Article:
Tag: council data breaches
Councils are often in possession of extensive personal information pertaining to their employees and their residents. Often, councils keep sensitive information belonging to residents in receipt of benefit payments, or to those who have made payments to them, whether this is for a parking fine or for council tax. Council payment data breaches can arise when any information relating to payments to or from residents is exposed.
The wealth of information available at councils can make them prime targets for hackers, but it also means that any human error data breaches caused by employees can have severe implications. For the victims, data exposure can provoke an emotional and financial impact, which is why we help those affected to claim compensation for the harm caused to them.
Each and every third-party data controller has a duty to protect the data entrusted to their care, and they can be held accountable under the law when this duty is neglected. Your Lawyers, as leading data protection lawyers, know what it takes to hold organisations to justice.
A report has revealed that a recent Birmingham City Council data breach incident has taken place after private information was mistakenly published online.
It is alleged that the exposed data included the details of “vulnerable children”, although this has reportedly been disputed by the local authority. The council said that a number of citizens were affected, but has yet to confirm just how many people were affected.
The Birmingham City Council data breach appears to be yet another example of the human error data breaches we have seen occur at local authorities time and time again. As advocates of data security, we believe that there is never an excuse for errors such as this, as everyone has the right to have their private data kept safe. In many cases, victims of data breaches can be eligible to claim compensation for any harm caused. This may also be a possibility for those affected by the breach at Birmingham City Council.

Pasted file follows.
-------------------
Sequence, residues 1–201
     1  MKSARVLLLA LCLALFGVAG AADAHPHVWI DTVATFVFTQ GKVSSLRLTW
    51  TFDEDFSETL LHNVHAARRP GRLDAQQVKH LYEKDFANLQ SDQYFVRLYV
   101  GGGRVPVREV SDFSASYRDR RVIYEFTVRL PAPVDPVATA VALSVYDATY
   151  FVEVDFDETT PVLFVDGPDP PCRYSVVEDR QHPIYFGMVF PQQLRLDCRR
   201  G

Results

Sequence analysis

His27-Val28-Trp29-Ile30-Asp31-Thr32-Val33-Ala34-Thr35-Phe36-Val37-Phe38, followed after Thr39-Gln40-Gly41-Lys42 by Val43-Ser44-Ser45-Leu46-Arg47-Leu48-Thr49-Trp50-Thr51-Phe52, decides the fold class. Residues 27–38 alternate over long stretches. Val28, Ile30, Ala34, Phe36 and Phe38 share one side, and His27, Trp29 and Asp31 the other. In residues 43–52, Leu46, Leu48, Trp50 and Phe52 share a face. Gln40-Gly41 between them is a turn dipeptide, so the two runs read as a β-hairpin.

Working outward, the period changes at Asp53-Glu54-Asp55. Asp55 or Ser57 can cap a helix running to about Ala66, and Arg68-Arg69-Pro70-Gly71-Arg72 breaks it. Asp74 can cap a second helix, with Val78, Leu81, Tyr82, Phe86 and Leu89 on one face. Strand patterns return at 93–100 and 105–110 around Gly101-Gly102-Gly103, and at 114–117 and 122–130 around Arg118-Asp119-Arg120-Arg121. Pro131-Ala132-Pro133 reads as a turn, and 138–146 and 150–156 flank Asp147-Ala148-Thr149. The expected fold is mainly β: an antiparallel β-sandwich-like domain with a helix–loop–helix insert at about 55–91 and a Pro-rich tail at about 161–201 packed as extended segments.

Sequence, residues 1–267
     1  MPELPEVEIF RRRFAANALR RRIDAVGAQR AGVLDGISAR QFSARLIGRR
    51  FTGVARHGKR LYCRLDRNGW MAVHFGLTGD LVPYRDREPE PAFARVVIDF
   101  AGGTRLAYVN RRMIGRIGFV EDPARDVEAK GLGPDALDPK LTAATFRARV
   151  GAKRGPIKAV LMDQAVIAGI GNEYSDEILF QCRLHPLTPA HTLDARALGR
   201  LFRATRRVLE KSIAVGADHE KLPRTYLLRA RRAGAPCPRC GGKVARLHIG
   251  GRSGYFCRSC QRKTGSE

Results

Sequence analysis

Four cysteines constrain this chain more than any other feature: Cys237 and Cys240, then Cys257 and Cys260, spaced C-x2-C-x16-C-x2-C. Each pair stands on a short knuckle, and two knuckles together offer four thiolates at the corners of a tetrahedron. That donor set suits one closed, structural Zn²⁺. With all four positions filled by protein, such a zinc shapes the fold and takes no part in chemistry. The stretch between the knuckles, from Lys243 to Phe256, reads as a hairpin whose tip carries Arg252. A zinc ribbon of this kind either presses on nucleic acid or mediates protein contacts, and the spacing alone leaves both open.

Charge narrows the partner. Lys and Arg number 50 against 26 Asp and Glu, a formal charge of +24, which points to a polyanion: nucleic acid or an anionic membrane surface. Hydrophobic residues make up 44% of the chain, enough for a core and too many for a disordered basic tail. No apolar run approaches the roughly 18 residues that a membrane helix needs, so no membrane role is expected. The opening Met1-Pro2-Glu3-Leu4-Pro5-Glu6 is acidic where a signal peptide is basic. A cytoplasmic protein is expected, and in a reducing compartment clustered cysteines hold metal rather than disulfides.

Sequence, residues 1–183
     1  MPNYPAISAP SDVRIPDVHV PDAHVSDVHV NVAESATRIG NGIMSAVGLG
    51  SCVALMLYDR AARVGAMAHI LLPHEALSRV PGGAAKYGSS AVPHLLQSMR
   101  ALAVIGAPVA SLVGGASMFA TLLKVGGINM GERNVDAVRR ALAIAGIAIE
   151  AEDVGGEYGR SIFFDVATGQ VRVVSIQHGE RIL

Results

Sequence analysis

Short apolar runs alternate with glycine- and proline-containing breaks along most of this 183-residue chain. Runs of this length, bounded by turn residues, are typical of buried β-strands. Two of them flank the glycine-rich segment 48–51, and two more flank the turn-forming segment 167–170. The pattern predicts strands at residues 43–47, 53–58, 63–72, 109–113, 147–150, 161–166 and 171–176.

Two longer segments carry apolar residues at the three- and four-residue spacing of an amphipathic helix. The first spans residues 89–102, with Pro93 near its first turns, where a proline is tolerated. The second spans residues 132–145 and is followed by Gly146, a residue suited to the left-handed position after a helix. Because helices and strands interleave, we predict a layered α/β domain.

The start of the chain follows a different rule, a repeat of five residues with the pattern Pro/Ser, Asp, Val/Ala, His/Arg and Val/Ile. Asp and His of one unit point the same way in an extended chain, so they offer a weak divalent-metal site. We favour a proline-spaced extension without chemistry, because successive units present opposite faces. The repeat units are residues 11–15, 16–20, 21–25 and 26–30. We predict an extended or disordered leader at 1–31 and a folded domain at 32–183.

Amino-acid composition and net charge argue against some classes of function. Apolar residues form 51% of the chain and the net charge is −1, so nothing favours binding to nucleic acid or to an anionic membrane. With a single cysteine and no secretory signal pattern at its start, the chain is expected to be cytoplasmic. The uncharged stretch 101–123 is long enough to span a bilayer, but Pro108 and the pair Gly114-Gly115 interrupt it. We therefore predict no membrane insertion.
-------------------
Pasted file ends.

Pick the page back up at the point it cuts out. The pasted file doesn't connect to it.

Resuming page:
In what is continuing to be a common trend for local government authorities, the recent Blackpool Council data leak has seen the exposure of personal data belonging to hundreds of individuals.
The issue has been labelled as a so-called accidental “human error” incident. A data handling mistake reportedly resulted in the details of about 428 people being made public, when the data should have remained private.
Occurring within months of our coverage of the Hackney Council cyberattack and the Bristol City Council data leak, this breach unfortunately comes as no shock to us. It probably comes as no shock to anyone who has become familiar with recurring patterns of council data leaks in general. Inadequate data protection practices at so many local councils means that this is a nationwide problem. We are here to help anyone affected by data breaches like this, striving to win them the compensation they deserve.
In a serious misstep at East Devon Council, the passwords of 37 council members were reportedly exposed online to other councillors, leaving private email inboxes potentially vulnerable to unauthorised access.
The error was quickly corrected, with affected councillors resetting their passwords. However, the period of vulnerability could have caused leaks of confidential information, which is why this is a serious matter.
Despite local authorities’ important responsibility to their communities and residents, we see data breaches happening far too frequently at local councils, suggesting that many are still failing to take their data protection duties seriously. At Your Lawyers – The Data Leak Lawyers – we believe that failures when it comes to data protection law justifies legal action, as many of these local authorities need to develop more rigorous data protection measures to protect people’s information. Where they fail to do so, we are here to help.
In October last year, Hackney Council announced a data breach after suffering what was described as a severe cyberattack from an unknown source. In the ensuing confusion, the council joined forces with the National Cyber Security Centre in an endeavor to judge the scale of the attack and find its source. It has since been revealed that hackers may have published files that reportedly come from exposed Hackney Council data.